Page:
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Farm Animal Practice
Diagnosis and implications of botulism
  1. Robert Hogg

    Robert Hogg graduated from Liverpool in 1974. He is a veterinary investigation officer at Veterinary Laboratories Agency (VLA) – Preston and is currently a VLA botulism disease consultant.

  2. Chris Livesey

    Chris Livesey graduated from Liverpool in 1972. He is head of toxicology and nutrition at the VLA, based at VLA – Weybridge.

  3. Jo Payne

    Jo Payne graduated from Liverpool in 1985. She is currently project leader of chemical food safety and deputy head of toxicology and nutrition at the VLA, based at VLA – Sutton Bonington.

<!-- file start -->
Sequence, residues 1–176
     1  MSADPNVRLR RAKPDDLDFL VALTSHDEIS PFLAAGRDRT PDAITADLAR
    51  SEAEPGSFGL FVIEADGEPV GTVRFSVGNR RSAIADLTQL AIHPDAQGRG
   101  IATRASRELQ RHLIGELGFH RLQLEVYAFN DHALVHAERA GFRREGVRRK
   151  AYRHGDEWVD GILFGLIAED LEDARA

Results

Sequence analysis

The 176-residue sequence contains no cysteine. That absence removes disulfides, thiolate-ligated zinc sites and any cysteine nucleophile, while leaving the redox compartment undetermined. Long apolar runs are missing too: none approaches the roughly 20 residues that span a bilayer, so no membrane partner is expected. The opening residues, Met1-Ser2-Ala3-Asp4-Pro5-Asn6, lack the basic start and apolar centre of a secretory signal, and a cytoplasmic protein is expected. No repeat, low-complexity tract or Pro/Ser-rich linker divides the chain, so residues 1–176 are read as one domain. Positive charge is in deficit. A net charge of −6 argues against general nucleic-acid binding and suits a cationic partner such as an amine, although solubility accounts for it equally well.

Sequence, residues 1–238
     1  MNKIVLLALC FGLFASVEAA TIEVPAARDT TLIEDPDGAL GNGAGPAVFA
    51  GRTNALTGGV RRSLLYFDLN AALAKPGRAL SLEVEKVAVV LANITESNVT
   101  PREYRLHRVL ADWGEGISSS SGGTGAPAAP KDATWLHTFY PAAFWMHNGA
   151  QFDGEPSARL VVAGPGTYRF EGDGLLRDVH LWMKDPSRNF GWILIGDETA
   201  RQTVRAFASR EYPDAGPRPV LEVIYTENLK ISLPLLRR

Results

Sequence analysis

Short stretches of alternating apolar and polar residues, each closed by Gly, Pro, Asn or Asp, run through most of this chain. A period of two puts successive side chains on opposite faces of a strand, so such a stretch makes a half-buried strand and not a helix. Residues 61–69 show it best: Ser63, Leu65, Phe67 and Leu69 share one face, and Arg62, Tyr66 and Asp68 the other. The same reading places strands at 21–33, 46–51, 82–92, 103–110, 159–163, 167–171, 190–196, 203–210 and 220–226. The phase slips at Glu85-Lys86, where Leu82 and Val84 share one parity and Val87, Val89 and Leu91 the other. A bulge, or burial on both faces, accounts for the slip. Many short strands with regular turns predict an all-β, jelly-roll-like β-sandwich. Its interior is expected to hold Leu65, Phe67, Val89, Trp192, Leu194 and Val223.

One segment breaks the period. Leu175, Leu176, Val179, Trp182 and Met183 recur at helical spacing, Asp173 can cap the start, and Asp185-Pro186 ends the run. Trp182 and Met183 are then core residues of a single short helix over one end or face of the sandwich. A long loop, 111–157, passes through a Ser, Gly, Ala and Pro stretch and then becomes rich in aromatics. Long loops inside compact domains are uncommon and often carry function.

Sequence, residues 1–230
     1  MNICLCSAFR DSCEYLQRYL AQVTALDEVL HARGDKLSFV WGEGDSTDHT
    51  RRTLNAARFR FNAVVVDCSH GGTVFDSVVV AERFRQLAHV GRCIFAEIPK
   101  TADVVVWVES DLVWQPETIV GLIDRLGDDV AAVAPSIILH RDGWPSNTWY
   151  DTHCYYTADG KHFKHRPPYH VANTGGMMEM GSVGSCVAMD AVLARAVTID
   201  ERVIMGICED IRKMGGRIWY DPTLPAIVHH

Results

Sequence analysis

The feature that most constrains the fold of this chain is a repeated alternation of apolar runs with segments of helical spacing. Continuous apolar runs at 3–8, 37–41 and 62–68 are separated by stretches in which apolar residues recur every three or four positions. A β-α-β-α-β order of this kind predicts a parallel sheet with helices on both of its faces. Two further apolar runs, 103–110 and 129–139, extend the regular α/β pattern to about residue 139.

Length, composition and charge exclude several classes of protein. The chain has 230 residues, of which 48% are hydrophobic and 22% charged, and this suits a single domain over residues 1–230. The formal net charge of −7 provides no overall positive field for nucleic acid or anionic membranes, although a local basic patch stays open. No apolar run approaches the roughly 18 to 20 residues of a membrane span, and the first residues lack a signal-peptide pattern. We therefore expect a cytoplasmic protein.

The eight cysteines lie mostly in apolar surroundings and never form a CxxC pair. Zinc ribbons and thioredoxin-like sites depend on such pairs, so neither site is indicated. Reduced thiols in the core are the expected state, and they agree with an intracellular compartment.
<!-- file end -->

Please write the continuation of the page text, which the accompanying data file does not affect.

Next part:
BOTULISM is a neuroparalytic condition affecting birds, mammals and fish, and is caused by exposure to toxins produced by various biotypes of Clostridium botulinum. Until a few years ago, botulism was considered to be a rare disease in farm animals in the UK. However, since 2003, there has been an upsurge in the number of suspected cases reported, particularly in cattle and more recently sheep. The diagnosis of botulism is problematic and relies heavily on clinical signs. Confidence in the diagnosis is improved by identifying the risk factors and suspect sources, and by ruling out the more common differential diagnoses. This article describes the clinical signs of classic and atypical disease, and discusses the implications of a diagnosis of botulism with regard to animal welfare, food safety and public health.

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